I’ve reached the age in which my nieces and nephews are graduating from high school, where gift-giving calls for a waffle-maker or a mini fridge rather than a Matchbox car, a stuffed teddy. It is jarring, always, for the adult to find she is the adult. I’d imagine it is even moreso jarring for a
It’s a running joke in our friend circle that I’m impossible to speed up (surprise, surprise) and Ken is impossible to slow down. A single glance at an empty calendar square and the man’s found a way to fill it with four conference calls, three house projects, two oil changes, one heaping pot of curry
Ken, out of town. In the evenings, I survey the sink and realize every dish accounted for is my own, or one prepared by me. No smoothie blenders on the drying rack, no spatulas dyed turmeric neon from late-night curry. I spend the week cooking recipes he hates or has grown tired of. Tuna for
Head’s up: Sponsored by Walmart.com. Lately, I have found myself feeling more Mary Poppins than Marine. Jolly holiday in lieu of boot camp, more singing of reminders (admittedly off-tune), less barking of commands. While there are a number of explanations worth considering – springtime on the horizon, the magical ages of near-6 and almost-2, tactical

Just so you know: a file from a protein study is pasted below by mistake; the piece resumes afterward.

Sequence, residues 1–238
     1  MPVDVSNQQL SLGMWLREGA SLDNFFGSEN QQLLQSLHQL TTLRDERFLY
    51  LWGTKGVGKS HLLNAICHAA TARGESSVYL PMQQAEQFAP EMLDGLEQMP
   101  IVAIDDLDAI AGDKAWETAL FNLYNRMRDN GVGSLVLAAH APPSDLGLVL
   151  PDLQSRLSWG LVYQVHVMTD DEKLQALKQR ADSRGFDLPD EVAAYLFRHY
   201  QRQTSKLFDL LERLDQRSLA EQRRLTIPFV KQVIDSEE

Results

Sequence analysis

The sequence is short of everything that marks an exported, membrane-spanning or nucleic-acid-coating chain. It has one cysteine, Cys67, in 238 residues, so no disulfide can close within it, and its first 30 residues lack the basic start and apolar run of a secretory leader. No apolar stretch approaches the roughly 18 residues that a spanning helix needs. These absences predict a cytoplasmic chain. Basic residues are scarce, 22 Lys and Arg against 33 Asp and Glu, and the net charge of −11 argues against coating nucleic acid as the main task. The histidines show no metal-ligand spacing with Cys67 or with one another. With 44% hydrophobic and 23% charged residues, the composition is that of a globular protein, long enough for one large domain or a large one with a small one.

Ask me how I know a woman is fully capable of leadership and I will tell you of a 3am morning, in a darkened nursery, rocking a baby with croup. His airways are swelled, he must sit upright. You rock and rock and rock, his body heavy with sleep, with relief, with you. Once rest
A daughter, running for the dining room register as the heat kicks on, perching atop the floor vents until her bare legs turn tiger-striped with indentations. We sit together, side-by-side, quiet. She asks me to count her freckles.
Head’s up: Sponsored by Walmart.com. And so it goes: another season whirring by, another set of feet having outgrown his footed pajamas. I take the kitchen scissors and snip off the toe seams so his feet can stretch through; watch two tiny strips of rockets fall to the floor. Scout will be 2 this summer
In the grocery store, my second year of college. I’m standing in the checkout lane, a cart full of “necessities” – a new shower curtain liner, shaving cream, Special K. I scan the rack displaying magazines and gum, flip through the latest issue of Glamour. A woman with my grandmother’s earrings waits in line behind